Wednesday, February 08, 2006
Back below trend?
Posted by David Smith at 09:00 PM
Category: Thoughts and responses

GDP growth in the fourth quarter was 0.6%, close to trend, arguing against the need for activism on interest rates by the Bank of England. There is an unspoken assumption that initial GDP estimates by the Office for National Statistics will always be revised higher. But this morning's industrial production figures were weak for the fourth quarter as a whole, showing an overall fall of 0.8% in industrial production. This suggests 0.6% GDP growth could be pushing it.

That won't be enough, in my view, to swing a cut in rates this week, but it is does leave the question open for future months, particularly if consumer demand has returned to earth after its Christmas flurry.

Mind you, if the National Institute of Economic and Social Research is right, we are already back above trend. This is hot off the press:

"We project that the output of the economy in the three months ending in January was 0.8% higher than in the previous three months. Growth in the three months ending in January was rapid, although some evidence suggests that January was weak after faster growth. Looking at the period as a whole there is not a good case for reducing interest rates."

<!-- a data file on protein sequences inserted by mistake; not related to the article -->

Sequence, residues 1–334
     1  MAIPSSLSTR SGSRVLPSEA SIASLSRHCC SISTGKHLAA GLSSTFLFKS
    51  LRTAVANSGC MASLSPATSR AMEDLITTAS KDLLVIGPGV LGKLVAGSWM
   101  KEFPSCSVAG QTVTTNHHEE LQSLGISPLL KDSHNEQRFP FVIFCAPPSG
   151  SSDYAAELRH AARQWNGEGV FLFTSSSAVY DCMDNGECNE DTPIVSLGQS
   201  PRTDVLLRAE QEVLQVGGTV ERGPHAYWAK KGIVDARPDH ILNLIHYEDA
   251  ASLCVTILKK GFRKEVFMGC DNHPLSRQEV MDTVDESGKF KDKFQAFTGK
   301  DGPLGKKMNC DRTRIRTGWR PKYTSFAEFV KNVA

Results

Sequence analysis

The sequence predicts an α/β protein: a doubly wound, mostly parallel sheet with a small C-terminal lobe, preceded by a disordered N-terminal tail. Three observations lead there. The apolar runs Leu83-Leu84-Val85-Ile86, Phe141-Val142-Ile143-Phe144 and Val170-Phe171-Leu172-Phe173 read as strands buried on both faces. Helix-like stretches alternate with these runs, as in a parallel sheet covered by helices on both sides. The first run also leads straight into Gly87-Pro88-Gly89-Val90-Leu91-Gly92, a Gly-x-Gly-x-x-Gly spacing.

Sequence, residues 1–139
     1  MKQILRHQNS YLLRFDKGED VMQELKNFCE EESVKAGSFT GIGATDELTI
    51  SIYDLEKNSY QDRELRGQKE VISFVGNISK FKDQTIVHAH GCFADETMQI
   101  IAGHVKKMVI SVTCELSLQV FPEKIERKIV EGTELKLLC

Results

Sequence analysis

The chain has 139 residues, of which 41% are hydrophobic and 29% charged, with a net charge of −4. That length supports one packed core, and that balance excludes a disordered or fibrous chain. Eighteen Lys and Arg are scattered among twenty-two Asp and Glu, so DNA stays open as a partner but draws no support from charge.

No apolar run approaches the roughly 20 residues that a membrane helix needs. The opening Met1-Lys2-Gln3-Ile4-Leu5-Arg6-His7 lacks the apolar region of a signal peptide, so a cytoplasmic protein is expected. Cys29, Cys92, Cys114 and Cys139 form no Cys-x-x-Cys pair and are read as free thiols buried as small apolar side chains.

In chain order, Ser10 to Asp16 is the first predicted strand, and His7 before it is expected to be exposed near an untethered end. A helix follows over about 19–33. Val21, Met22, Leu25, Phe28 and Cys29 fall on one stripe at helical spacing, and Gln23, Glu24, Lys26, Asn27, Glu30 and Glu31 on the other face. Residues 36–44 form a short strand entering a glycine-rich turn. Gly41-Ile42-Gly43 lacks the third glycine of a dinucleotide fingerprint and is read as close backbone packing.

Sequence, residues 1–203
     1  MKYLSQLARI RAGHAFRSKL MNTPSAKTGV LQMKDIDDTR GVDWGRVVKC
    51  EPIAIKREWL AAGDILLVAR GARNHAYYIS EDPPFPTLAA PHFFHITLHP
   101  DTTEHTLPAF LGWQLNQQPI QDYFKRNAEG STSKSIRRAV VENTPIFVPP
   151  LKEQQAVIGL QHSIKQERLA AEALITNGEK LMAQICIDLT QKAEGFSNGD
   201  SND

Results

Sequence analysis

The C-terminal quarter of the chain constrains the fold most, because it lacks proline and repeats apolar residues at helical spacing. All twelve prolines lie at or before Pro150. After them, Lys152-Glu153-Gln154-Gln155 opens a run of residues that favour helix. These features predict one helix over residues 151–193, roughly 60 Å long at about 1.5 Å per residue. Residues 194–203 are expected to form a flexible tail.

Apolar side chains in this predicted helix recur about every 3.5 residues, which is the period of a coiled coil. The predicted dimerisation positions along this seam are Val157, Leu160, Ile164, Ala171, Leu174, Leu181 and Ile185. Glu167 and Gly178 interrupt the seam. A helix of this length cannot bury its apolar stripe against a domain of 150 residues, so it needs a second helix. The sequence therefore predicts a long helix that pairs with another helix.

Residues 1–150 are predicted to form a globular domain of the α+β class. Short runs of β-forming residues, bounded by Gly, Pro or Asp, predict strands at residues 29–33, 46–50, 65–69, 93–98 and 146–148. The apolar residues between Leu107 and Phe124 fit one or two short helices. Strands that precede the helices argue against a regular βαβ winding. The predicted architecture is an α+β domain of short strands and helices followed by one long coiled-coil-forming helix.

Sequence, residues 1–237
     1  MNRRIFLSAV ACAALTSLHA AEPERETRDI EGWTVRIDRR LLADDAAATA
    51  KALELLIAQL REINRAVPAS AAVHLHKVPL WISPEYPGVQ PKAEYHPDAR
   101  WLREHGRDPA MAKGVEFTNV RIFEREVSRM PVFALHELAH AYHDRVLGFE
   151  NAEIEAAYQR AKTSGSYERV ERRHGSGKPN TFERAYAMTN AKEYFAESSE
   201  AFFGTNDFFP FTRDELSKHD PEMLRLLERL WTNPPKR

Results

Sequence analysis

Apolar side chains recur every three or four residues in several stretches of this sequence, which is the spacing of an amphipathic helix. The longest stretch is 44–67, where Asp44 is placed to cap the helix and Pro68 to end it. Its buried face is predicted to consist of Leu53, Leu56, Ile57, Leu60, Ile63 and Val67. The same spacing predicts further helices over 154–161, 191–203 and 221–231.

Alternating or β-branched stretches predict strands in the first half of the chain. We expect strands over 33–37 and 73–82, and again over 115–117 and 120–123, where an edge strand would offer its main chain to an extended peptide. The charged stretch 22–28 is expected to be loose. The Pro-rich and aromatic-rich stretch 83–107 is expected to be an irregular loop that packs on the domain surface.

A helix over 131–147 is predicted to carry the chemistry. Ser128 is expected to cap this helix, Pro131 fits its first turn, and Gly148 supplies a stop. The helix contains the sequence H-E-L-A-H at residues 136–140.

Rather than playing with the money supply and risk debasing the currency, how about cutting marginal tax rates to lower the cost of capital and improve incentives at the margin for risk taking?

Posted by: Gary Bezowsky at February 8, 2006 05:43 PM

Agreed, but such talk has sadly become unfashionable in the UK.

Posted by: David Smith at February 8, 2006 08:42 PM

The NIESR assumptions go against your thinking in the Sunday Times this week ie that we are below trend, slack in the economy and hence room for a cut. You still sticking with your view or think these numbers change anything?

Posted by: Simon Woolfson at February 9, 2006 07:58 AM

If they are a fair representation of what will be happening in the first quarter then the MPC won't be cutting rates. But the NIESR numbers probably need to be taken with a pinch of salt. This is from AFX:

'However, Simon Kirby, a senior research officer at NIESR said the results have to be treated with an "element of caution", as much of the improvement is due to a weak comparative figure, which includes a dismal reading in October.

'In addition, Kirby said there's also some evidence that the pace of growth may have slowed down in January from the levels recorded in November and December.'

Posted by: David Smith at February 9, 2006 10:17 AM